Frost. Hail. Cold. Dry. Hot. Fire.

Frost. Hail. Cold. Dry. Hot. Fire.
Dear me. The romanticism of grape growing and wine making is being tested continually at every stage of this gruelling season. Yes, of course, we are well versed in the various ways the weather can affect the crop quality and quantity and we are always prepared for some of these challenges to occur during any season. However this season has been quite breathtaking in its audacity to throw down challenges, to both vine and grower, month on month. We press on!

We began in September with some unseasonal warm weather which pushed the buds out earlier than usual. Our usual diligent attention to our frost protecting fan saw it serviced by the installer just prior to the first frost of the season. Unfortunately, the fan was rendered useless by a basic servicing error and it failed to run during a -2.7 degree frost event. We are still assessing the extent of the fruit loss, but it was certainly significant. Perhaps even more troubling was the weather in December when the vines began to flower and set their crop. The ideal is calm, warm, even weather. We had windy, cold, erratic weather highlighted, in the most perverse way, by hail. The result has been a poor fruit set. On the positive side, the good rains through October and November have seen the canopy grow very well and regardless of what occurs crop wise this season, the vines will be set up for winter pruning and a likely strong start to the 2015 season. Yes, we do think in long timeframes with these vines!

The start of December saw the rain clouds turned off and it has been unremittingly dry for two months now. We have had 25mm and a startlingly long run of hot weather, peaking with five days of 40 degrees or above in January. And on it goes. The day after the five year anniversary of the catastrophic Black Saturday bushfires we experienced a high wind, 41 degree day and a fire exploded into life just over the hill from us, thankfully to the east. This fire, three days later, is no longer threatening towns but continues to cause anxiety and the risk of burning stumps and trees reigniting another front remains. So, we do have some smoke haze around us however the grapes are yet to begin ripening and the expectation, like in 2007 and 2009, is that we will mercifully be unaffected in a qualitatve sense.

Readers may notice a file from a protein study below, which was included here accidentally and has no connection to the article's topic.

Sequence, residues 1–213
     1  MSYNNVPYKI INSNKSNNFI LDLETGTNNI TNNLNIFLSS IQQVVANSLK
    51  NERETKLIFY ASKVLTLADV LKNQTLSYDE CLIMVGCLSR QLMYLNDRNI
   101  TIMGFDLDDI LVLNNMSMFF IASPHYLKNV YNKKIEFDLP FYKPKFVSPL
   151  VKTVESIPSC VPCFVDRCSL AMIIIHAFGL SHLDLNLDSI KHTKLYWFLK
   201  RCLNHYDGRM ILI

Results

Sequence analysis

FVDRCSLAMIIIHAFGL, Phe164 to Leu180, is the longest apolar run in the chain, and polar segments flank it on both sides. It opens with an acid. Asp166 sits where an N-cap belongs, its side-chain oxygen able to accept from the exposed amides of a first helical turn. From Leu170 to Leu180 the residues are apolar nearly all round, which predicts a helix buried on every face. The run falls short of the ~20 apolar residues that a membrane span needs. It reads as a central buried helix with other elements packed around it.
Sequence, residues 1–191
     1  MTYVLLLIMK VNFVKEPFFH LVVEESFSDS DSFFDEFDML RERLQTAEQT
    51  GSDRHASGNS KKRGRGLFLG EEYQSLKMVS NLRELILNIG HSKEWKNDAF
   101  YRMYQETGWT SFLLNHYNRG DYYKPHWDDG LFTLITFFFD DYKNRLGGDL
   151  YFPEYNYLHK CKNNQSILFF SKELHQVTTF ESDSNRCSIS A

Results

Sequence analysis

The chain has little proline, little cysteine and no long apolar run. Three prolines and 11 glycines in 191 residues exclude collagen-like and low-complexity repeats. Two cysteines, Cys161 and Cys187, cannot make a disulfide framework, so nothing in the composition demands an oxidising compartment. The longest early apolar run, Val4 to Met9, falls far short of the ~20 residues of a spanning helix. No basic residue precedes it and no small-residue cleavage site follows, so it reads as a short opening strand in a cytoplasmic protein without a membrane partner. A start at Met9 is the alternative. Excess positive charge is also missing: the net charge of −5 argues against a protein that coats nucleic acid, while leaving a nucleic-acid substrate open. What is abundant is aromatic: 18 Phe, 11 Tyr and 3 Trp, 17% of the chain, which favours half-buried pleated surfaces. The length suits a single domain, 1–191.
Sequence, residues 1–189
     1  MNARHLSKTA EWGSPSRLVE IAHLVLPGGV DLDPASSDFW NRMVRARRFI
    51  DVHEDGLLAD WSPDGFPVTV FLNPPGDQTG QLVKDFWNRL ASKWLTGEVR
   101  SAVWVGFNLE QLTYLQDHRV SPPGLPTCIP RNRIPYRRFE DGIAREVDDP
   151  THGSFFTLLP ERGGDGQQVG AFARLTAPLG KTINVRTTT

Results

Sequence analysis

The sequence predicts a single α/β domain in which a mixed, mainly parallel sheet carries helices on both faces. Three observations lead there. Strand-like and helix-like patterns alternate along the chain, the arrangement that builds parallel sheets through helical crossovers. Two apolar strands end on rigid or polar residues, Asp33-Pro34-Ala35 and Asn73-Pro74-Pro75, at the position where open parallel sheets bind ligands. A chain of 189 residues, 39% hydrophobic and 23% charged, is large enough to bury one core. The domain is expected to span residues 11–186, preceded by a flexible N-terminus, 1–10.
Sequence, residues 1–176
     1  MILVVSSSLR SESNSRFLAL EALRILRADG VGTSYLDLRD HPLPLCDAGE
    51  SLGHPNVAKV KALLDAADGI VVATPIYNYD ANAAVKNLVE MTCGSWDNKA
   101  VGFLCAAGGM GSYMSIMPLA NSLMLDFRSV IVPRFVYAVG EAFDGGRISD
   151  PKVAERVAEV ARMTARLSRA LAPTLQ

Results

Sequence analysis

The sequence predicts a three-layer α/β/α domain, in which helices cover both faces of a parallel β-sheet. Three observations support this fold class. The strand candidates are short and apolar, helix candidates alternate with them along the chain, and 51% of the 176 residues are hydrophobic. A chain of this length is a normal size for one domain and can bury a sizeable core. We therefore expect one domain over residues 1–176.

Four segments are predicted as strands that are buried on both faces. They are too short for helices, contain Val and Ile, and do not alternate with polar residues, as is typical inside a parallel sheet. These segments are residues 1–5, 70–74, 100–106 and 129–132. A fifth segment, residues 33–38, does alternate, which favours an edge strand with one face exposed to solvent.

Some good news; this season we have moved to under vine cultivation, as opposed to previous regimes of straw mulching (loved by wildfires) and undervine mowing (vineyard looks like a park however weeds push their roots deeper to compete with the vines’ roots). This move has been a wonderful success. As well as turning the undervine competition over and having the weeds die off and break down back into the soil it also opens up the soil (reducing any hard layer/compaction), to air and moisture, and it also has the ability to work compost into the soil. Like all things vineyard related, timing is the key and when this activity is done correctly the result is really excellent.

So, here we stand in February and wonder where the season is going. Hot and dry, a small crop. Where earlier in the season the expectation was for a mid April harvest this is being revised to an earlier start. Maybe early April, depending on the twists and turns of the Autumn. The Heathcote Shiraz vineyard is looking healthy and strong and the fruit will be ready in another couple of weeks. We have a bottling in mid March to begin to ready the 2013 wines for release later in the year.

For sure, it’s a testing cycle that makes up vineyard and winery work, but contemplating new wines beginning their evolution in bottle and another harvest, regardless how small, is very exciting.